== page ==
Last March, Operation Taiex led to the arrest of the gang leader behind the Carbanak and Cobalt malware attacks on over 100 financial institutions worldwide.
This law enforcement operation included the Spanish national police, Europol, FBI, the Romanian, Moldovan, Belarusian, and Taiwanese authorities, as well as private cybersecurity companies. Investigators found out that hackers were operating in at least 15 countries.
We all know that money moves quickly around the world. As Operation Taiex shows, cybercrime is doing the same, becoming increasingly able to collaborate rapidly across borders.
To create a cyber-secure world, we must be as fast and globally integrated as the criminals. Facing a global threat with local resources will not be enough. Countries need to do more internally and internationally to coordinate their efforts.
HOW TO BEST WORK TOGETHER: To begin, the private sector offers many good examples of cooperation. The industry deserves credit for taking the lead in many areas-developing technical and risk management standards, convening information-sharing forums, and spending considerable resources.
International bodies, including the Group of 7 Cyber Experts group and the Basel Committee, are creating awareness and identifying sound practices for financial sector supervisors. This is important work.
But there is more to be done, especially if we take a global perspective. There are four areas where the international community can come together and boost the work being done at the national level:
First, we need to develop a greater understanding of the risks: the source and nature of threats and how they might impact financial stability. We need more data on threats and on the impact of successful attacks to better understand the risks.
Second, we need to improve collaboration on threat intelligence, incident reporting and best practices in resilience and response. Information sharing between the private and public sector needs to be improved-for example, by reducing barriers to banks reporting issues to financial supervisors and law enforcement.
Different public agencies within a country need to communicate seamlessly. And most challenging, information sharing between countries must improve.
Third, and related, regulatory approaches need to achieve greater consistency. Today, countries have different standards, regulations, and terminology. Reducing this inconsistency will facilitate more communication.
Finally, knowing that attacks will come, countries need to be ready for them. Crisis preparation and response protocols should be developed at both the national and cross-border level, so as to be able to respond and recover operations as soon as possible.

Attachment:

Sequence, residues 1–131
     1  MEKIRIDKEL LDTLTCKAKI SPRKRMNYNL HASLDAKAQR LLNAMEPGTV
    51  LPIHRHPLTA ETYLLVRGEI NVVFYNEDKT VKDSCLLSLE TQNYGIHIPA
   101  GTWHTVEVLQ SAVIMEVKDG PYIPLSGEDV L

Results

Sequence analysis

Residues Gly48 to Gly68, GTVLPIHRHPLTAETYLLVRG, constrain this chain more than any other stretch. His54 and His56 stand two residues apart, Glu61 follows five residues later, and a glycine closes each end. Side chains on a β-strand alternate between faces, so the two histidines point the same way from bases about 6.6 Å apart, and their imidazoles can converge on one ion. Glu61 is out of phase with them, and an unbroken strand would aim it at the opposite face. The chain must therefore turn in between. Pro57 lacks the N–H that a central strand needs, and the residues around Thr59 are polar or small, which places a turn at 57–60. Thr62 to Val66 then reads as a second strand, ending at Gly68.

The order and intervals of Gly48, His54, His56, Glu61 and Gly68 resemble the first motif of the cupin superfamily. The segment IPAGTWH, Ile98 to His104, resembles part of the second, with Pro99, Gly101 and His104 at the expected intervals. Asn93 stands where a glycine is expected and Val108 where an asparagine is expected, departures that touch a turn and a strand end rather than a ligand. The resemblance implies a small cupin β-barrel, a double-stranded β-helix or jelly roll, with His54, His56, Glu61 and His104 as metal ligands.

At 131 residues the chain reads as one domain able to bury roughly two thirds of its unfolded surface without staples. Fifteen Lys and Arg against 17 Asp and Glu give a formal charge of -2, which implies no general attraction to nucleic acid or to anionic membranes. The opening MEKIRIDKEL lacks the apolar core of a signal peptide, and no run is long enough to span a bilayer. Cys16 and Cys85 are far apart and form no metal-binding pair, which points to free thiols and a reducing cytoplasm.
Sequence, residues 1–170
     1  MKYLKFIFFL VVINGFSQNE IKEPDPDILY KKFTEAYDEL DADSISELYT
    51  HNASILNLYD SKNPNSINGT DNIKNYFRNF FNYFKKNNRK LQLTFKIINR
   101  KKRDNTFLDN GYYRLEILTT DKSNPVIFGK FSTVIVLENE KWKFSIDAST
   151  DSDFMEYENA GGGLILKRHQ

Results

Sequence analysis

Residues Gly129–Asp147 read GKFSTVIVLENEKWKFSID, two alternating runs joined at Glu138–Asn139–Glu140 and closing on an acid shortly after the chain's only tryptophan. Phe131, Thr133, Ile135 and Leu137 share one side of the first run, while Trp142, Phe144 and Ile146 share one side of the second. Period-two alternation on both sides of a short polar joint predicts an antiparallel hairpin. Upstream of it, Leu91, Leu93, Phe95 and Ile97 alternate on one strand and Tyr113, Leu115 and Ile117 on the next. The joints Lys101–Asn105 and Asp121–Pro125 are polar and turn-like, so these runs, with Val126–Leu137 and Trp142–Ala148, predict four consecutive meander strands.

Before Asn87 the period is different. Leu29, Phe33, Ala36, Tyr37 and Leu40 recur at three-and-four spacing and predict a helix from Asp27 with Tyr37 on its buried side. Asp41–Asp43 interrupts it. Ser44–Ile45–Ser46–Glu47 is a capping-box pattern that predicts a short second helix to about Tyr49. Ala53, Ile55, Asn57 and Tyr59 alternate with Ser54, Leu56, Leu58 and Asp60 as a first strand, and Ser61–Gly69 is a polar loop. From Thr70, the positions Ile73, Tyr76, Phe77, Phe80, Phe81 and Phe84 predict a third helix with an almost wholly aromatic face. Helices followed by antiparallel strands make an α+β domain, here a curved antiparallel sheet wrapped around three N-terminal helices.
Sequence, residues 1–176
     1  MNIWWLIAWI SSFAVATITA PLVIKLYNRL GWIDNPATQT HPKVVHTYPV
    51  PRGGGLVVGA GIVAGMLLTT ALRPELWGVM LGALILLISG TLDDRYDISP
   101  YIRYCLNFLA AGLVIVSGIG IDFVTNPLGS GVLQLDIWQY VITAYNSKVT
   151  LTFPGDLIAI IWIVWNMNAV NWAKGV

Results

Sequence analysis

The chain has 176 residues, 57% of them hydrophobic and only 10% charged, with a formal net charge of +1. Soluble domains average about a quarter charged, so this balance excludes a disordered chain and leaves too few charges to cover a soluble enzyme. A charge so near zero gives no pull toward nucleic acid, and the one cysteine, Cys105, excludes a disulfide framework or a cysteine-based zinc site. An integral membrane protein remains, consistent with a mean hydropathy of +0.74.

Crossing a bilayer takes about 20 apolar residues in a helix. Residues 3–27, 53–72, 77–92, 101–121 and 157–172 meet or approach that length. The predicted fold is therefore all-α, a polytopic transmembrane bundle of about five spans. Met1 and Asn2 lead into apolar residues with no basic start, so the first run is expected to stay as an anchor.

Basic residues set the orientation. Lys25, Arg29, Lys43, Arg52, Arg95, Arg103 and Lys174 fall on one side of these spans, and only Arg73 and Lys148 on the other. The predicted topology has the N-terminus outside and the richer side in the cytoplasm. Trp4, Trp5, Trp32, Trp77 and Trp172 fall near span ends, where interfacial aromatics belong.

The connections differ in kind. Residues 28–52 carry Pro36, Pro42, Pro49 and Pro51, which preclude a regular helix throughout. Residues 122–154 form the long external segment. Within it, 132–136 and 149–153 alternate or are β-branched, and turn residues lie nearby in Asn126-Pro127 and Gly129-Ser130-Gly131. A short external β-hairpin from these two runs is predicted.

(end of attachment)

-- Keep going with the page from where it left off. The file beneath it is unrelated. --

Crisis exercises have become crucial in building resilience and the ability to respond, by revealing gaps and weaknesses in processes and decision making.
CONNECTING THE GLOBAL DOTS: Because a cyberattack can come from anywhere in the world, or many places at once, crisis response protocols must be articulated within regions and globally.
That means the relevant authorities need to know "whom to call" during a crisis, in nearby and, ideally, also in faraway countries. For small or developing countries, this is a challenge that needs international attention.
Many rely on financial services or correspondent lines provided by global banks for financial connection. Developing cross-border response protocols will help countries understand their respective roles in a crisis and ensure a coordinated response in the event of a crisis.
The Group of 7 countries has made an excellent start at building collaboration on cybersecurity, but this effort needs to be broadened to each and every country.
Here the IMF (International Monetary Fund) can play an important role. With a much broader representation than most of the standard-setting institutions, the IMF has the ability to raise the concerns of emerging-market and developing countries to a global level.
Because any place is a good place to start an attack, it is in the ultimate interest of advanced economies to work with other countries to share information, coordinate actions, and build capacity.
At the IMF, we work with countries that need to build this capacity, developing the skills and expertise needed to recognise and effectively counter cybersecurity threats. Our international partners are doing the same, and we work regularly with an array of stakeholders in the public and private sector.
Successful cyber-attacks have the potential to hamper financial development by creating distrust, especially if personal and financial data are compromised. If we want to reap the benefits of new technologies that can develop markets and expand financial inclusion, we have to preserve trust, and ensure the security of information and communications technologies.
With cybersecurity, there is always more to be done simply because the pace of change is breathtakingly fast.
David Lipton is First Deputy Managing Director at the International Monetary Fund (IMF), a position he has held since 2011.Prior to joining the IMF, David Lipton was Special Assistant to President Clinton, and served as Senior Director for International Economic Affairs at the National Economic Council and the National Security Council at the White House IMFBlog is a forum for the views of the International Monetary Fund (IMF) staff and officials on pressing economic and policy issues of the day.The views expressed are those of the author(s) and do not necessarily represent the views of the IMF and its Executive Board.
—Inter Press Service
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